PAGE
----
Watch this scene, and keep in mind the hypothesis that Flower is gay. It's hilarious, especially when Owl advances on the three saying "it could happen to YOU," to Bambi, "or YOU," to Thumper, and then, with a looooong pause..."Yes, it could even happen to you," to Flower.
Surprisingly, though, feminine Flower is the first one to find a girl. Thumper is the next, caught by a surprisingly skanky Playboy bunny. Too bad she looks like she has a beard.
Mrs. Thumper (Mumper): Hellooo.
Bambi is the last one; he reunites with Faline and after some initial awkwardness, she licks him in the face and he's in heaven. You know that annoying girl you knew when you were kids, who turned out to be really cute at 17? It's like that for Bambi.
Of course, the deer are also jealous creatures. Bambi has to contend with a chauvinistic pig-deer in a dramatic fight scene.
Everybody was kung-fu fighting...dananana, nana.
Bambi throws the presumptive deer in the river, shouting "This. Is. SPARTA!"
Bambi wakes up the next morning next to Faline. His deer-sense flicks on. (If Spider-Man had been bit by a radioactive deer, he would be able to know when Man is around, and where Man's camps are, and when Man leaves his cinders around and accidentally starts a forest fire. Spider-Man would also be called Deer-Dude, run fast, have spots, the hair on his scalp would form into horns, and sometimes he would get hit by cars because headlights just scare him to death.)
The King of the Forest tells Bambi that Man is back in force. He tells Bambi they must escape "deep into the forest." Bambi runs to get Faline and can't find her. Elsewhere, the hunters we never see close in on a field of frightened animals. A pheasant has a nervous breakdown and flies into the air; the hunters shoot her and all the animals make a dash for it. Bullets fly everywhere, none that we can see hitting their mark. These hunters are wasting a lot of ammo.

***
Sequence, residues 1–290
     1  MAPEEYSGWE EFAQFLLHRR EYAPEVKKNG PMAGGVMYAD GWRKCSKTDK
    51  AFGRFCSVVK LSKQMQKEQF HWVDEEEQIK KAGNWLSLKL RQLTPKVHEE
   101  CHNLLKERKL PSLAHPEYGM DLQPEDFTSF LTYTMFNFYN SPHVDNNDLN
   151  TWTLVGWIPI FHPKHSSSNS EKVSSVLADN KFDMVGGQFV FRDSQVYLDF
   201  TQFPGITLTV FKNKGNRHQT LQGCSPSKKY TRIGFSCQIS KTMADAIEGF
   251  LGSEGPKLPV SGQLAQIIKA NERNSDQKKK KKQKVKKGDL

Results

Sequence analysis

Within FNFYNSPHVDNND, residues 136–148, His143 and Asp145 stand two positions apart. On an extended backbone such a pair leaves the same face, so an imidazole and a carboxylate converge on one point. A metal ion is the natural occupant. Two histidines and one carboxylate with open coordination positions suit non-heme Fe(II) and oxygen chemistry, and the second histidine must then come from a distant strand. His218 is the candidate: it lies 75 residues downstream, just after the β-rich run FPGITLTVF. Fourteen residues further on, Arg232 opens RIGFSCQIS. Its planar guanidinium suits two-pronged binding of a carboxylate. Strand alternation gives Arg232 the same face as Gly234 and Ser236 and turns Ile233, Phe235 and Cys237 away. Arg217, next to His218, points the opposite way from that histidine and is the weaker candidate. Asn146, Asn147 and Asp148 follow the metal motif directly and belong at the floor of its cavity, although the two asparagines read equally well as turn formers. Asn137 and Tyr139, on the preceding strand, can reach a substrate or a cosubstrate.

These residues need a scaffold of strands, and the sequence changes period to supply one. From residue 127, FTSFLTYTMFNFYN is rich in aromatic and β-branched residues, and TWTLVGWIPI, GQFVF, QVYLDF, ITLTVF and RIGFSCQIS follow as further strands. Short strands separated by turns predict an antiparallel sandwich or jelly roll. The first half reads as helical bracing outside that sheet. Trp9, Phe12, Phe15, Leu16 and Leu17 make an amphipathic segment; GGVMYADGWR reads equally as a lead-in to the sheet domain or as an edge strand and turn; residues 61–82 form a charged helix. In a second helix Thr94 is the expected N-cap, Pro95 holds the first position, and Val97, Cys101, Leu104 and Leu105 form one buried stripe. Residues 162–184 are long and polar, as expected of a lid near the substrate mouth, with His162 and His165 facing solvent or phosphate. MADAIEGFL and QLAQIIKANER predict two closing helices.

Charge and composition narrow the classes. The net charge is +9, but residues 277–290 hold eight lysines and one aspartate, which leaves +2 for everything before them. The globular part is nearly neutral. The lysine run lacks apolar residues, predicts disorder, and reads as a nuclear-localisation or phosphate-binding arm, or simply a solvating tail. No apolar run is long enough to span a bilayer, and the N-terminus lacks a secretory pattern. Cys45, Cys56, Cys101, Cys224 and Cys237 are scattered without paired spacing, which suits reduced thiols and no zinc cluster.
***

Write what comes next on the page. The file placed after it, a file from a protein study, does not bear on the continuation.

Then come the dogs! The dogs are scary! The dogs are fairly monochromatic! Let's hear it for the dogs!
Running from the dogs, Bambi leaps across a gorge and in a seemingly impossible turn of events, the hunters shoot him. Wow, guys. All I have to say is you should NOT be wasting your time hunting animals.
Hunter: One time out huntin', I turned around real fast and I saw a deer flying through the air. I thought "Tain't no escape for Santa this time!" and I shot from the hip.
Marine Corps Recruiter: Dude! You should've been in SEAL Team Six!
Hunter: Naw. I strictly hunt deer. No seals.
Fire begins spreading throughout the forest as the wounded Bambi is visited by his father, who tells him, "You must get up." Gee, thanks, Dad. I've got bullets inside of me, Dad. Bullets.
The King of the Forest and Bambi escape the fire, as the hunters are mauled by a grizzly bear who rears up on his hind legs and roars, "ONLY YOU CAN PREVENT FOREST FIRES."
Maybe not really. Life comes to the forest once more, and everyone rushes to see the new prince(s) that Faline gives birth to. Meanwhile, Bambi and the King of the Forest watch from a safe distance.
Bambi: This just feels kinda emotionless.
King of the Forest: Take it from me, Bam, kids just bring bad stuff. The King of the Forest's royal robes are pride, honor, and protection. They protect from anarchy, chaos and disunity, but they do not protect from baby puke. Listen well, Bam.
King of the Forest: Chyeah, kid. You might actually want to change your name now that you're the king. Something like King Kickyerface. Or Gore Horns. Horny Beast. Or Mauler. Or Thumper! Man, Thumper. That's a great name for a king. I'd follow someone named Thumper.
Why Kids Should Watch This Flick: All joking aside, Bambi is one of the most cinematically stunning films of all time. Joking not aside, Bambi teaches kids that it doesn't matter how amazing you are, even if you have fearsome dogs and you can shoot deer in mid-flight fifty feet above the ground, it's not okay to start forest fires.
Next week: A lesser known volume in the history of Disney known as "Fun and Fancy Free."
Did you know deer kill more people per year than sharks? Scott knew that, and before you, we might add. Check him out on Facebook!
Related Post: Blogging Disney